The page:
Dr. Doom Roubini: Tech to Replace White Collar Jobs

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Jan. 23 (Bloomberg) -- Nouriel Roubini, chairman at Roubini Global Economics and Ian Bremmer, President at Eurasia Group, discuss the lingering effects of the financial crisis and the global risks for the year ahead from the World Economic Forum in Davos, Switzerland on Bloomberg Television’s “Bloomberg Surveillance.”

Have we yet to read to the moma where we can say it is behind us?

The worst of the crisis is behind us in terms of financial risk.

The eurozone break -- lower probability of a eurozone break up, hard chinese landy and a war between israel and iran on the nuclear issue.

Growth will improve -- but still weaker in the eurozone and japan.

I do not think growth -- it will be better than the last years.

There will be a slack and good the labor market.

Inflation will remain low and central banks will be accommodated.

You are front and center in the mystery of this davos, and that we really do not understand what the emerging markets are doing.

The eurasian group prism.

How are the emerging markets question are there talking about the united states, but more optimistic year than the last few months.

Thailand, you see kiev this morning -- there is an ian bremmer story that no one is talking about.

When the forecast of economic growth of two of the four bricks is lower than the united states, you have to ask yourself what you doing in emerging markets.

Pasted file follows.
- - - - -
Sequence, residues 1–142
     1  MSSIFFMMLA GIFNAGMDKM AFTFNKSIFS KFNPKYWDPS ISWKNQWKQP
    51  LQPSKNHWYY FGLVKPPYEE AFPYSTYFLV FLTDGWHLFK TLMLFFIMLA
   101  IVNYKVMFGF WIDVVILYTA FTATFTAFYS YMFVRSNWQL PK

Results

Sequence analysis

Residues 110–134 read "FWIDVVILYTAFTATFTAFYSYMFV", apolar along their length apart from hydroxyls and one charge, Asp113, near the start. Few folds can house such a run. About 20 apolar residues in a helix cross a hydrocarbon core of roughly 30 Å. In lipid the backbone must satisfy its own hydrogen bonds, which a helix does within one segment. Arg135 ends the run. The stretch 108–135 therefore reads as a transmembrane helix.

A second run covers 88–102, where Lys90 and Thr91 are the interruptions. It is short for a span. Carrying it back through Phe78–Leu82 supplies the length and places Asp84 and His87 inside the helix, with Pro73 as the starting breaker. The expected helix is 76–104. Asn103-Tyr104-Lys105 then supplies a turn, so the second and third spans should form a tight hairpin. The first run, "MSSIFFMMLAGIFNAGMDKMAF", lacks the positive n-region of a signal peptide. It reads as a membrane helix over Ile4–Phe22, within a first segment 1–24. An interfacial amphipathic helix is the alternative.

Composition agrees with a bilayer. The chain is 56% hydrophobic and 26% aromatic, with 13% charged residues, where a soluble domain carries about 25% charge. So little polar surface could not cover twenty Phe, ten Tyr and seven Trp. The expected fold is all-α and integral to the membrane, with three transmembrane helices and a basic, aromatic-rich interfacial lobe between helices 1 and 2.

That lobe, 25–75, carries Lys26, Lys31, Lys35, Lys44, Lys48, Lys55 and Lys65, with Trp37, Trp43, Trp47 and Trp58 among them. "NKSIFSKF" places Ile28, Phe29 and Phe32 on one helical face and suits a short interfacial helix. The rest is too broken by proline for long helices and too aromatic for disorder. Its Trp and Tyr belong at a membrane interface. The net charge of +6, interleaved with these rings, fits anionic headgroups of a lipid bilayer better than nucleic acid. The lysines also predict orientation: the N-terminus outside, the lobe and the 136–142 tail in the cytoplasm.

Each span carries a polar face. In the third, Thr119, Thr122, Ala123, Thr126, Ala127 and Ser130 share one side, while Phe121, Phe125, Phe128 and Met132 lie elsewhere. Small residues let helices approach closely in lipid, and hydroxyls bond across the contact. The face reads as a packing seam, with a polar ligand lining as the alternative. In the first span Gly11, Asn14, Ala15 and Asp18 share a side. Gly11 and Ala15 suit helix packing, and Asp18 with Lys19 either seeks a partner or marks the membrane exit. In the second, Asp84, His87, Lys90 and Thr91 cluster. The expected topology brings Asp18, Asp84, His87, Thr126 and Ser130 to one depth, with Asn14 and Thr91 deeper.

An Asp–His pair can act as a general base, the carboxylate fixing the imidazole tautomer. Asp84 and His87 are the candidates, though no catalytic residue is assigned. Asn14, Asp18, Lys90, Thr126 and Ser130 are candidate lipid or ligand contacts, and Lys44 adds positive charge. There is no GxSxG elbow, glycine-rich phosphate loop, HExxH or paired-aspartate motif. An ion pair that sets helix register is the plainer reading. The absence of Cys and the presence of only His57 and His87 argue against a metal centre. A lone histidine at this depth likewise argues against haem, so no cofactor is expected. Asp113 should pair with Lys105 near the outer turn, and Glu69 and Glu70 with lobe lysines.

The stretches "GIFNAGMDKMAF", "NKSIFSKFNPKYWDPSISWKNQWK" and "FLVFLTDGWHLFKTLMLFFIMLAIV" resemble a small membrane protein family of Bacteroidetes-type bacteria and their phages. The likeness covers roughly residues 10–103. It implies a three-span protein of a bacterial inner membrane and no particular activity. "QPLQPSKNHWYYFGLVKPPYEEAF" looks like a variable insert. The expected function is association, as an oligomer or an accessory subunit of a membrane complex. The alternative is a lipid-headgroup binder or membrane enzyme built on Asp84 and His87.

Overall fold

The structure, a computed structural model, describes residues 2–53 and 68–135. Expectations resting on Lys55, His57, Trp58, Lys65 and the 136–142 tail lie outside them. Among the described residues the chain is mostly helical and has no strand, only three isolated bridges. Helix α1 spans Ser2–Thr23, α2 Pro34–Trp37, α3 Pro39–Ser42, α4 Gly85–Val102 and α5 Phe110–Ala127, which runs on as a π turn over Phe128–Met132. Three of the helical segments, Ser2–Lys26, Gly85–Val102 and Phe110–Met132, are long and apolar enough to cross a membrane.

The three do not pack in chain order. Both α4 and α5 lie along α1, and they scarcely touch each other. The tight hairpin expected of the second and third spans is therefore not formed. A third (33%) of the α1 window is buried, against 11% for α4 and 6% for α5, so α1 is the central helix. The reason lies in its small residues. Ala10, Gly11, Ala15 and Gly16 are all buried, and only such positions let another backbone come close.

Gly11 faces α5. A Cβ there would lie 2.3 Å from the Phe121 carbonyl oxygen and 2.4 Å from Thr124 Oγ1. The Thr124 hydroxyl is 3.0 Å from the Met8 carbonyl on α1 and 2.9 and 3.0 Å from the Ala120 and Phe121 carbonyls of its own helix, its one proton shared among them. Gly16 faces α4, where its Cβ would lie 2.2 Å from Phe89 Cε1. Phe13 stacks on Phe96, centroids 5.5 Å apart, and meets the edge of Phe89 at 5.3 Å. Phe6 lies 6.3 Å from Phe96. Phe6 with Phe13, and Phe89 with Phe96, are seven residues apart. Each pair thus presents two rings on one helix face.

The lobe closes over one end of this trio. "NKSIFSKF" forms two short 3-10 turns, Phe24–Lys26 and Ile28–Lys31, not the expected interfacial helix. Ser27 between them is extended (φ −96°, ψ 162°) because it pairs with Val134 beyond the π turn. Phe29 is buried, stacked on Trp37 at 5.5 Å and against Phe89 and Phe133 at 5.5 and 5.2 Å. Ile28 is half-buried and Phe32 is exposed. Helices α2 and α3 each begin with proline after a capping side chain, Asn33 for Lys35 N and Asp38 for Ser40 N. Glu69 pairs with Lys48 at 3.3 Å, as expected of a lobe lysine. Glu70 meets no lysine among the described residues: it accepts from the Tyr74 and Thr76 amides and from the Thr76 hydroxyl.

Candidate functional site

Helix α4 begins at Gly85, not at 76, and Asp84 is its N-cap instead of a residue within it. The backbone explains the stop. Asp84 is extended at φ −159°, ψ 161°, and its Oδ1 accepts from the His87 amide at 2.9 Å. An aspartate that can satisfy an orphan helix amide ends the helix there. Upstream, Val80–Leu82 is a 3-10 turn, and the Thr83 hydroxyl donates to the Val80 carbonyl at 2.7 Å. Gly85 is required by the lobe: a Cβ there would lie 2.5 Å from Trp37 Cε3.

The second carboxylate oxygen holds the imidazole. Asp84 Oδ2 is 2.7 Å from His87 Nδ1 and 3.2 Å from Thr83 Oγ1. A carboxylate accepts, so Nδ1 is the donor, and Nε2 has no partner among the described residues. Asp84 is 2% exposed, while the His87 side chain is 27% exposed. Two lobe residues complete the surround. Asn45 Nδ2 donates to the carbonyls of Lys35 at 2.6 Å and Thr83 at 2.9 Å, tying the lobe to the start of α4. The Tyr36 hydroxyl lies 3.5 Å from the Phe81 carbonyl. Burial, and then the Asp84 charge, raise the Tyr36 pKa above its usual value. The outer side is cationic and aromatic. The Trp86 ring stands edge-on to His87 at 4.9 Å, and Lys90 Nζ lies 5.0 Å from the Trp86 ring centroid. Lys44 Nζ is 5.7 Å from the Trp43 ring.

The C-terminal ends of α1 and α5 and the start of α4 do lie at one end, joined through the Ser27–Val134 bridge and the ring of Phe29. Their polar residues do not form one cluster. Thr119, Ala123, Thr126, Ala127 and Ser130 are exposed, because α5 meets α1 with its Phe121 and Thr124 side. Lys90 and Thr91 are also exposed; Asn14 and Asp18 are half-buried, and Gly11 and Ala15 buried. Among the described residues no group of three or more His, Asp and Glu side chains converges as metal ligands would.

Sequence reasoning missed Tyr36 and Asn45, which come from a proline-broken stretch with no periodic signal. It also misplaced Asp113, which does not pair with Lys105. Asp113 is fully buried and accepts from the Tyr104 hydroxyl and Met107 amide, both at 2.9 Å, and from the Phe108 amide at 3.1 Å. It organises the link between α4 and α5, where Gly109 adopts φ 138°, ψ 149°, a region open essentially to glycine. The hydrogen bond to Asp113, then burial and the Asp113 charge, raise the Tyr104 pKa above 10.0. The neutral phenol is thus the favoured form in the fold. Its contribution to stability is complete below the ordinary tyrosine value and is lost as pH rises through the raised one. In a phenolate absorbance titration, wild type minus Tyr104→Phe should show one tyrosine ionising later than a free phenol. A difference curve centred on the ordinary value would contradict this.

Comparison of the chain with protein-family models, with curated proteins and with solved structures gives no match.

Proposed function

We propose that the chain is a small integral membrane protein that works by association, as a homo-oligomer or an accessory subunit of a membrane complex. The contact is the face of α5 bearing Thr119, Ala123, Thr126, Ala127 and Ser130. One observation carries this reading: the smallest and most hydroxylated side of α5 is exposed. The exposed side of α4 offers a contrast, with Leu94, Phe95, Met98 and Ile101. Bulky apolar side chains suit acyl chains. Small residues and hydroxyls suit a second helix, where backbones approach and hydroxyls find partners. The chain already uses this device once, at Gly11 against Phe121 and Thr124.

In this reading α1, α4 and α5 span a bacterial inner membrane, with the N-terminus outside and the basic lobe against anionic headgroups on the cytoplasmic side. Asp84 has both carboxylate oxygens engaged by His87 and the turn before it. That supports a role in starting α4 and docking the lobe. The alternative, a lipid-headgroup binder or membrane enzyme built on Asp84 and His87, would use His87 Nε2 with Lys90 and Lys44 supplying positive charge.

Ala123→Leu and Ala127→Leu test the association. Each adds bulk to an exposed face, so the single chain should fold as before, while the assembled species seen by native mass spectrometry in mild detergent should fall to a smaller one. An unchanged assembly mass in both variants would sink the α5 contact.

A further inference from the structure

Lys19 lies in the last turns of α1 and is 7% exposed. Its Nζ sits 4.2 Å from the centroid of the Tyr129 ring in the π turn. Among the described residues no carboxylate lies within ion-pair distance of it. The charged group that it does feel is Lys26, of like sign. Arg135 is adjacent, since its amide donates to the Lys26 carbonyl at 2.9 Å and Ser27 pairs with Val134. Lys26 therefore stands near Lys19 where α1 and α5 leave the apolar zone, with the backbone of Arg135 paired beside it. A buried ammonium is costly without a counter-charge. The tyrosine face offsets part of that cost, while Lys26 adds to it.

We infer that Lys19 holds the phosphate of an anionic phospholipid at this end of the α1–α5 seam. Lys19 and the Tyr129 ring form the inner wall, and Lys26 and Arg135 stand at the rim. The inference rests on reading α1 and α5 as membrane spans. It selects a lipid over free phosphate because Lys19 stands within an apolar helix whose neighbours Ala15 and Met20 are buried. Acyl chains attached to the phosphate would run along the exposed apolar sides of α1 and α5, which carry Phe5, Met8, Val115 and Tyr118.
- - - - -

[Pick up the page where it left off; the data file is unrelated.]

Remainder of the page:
The fact is, with all of these elections in 2014, and concerns that growing middle classes have serious demands on the government and those governments are not very well quit -- equipped to meet them, you will see lower growth.

A reality.

Nouriel, you came out of wonderful academics in italy, you went to harvard and the white house.

He always talk about inequality.

The cap we actually do something about wealth and income dispersion?

The facts behind the rising income inequality is complex.

Technological innovation is becoming more capital intensive -- so we are labor shedding because of this.

Trade, 2.5 billion chinese and indians global there's joining the global labor force.

And now even white-collar jobs.

And then you have the effects -- if you are a superstar in your own field, whether economist or journalist or a political scientist or lawyer or banker, your market is not 10 million people, it is seven billion people.

And it leads to benefits to the top.

Can we do something about it?

Eventually either we do something in terms of training or education -- or eventually backlash.

It is true that the markets have expanded a great deal, but of course, the markets are not 7 billion and the fact is lots and lots of those folks are not in the market really yet at all.

One of the most interesting statistics i have seen coming out the last couple of days is the top 85 people in the world make as much in total income --nouriel on the list -- as the bottom three point 5 billion.

That is a fairly stark number.

And yet it is not one we are really hearing about in davos at all.

It is really not that much sirius talk.

How do you respond to the one percent and the 99%? is the media one percent -- is the focus legitimate?

One percent is entirely too large in number to focus on.

I focus on a number much smaller than that.

Incredible concentration.

The question is not what is happening to the broad emerging-market middle classes, because those folks are emerging.

It is much more what is happening in advanced economies with larger unsustainable unemployment.

We've got to continue this conversation.

Ian bremmer has talked way too much compared to nouriel roubini.

We will come back to nouriel roubini and get a perspective on a better global economy.

Even ruby me and bremmer on the edge of optimism -- roubini on the edge of optimism.

It is "bloomberg surveillance."

This text has been automatically generated. It may not be 100% accurate.


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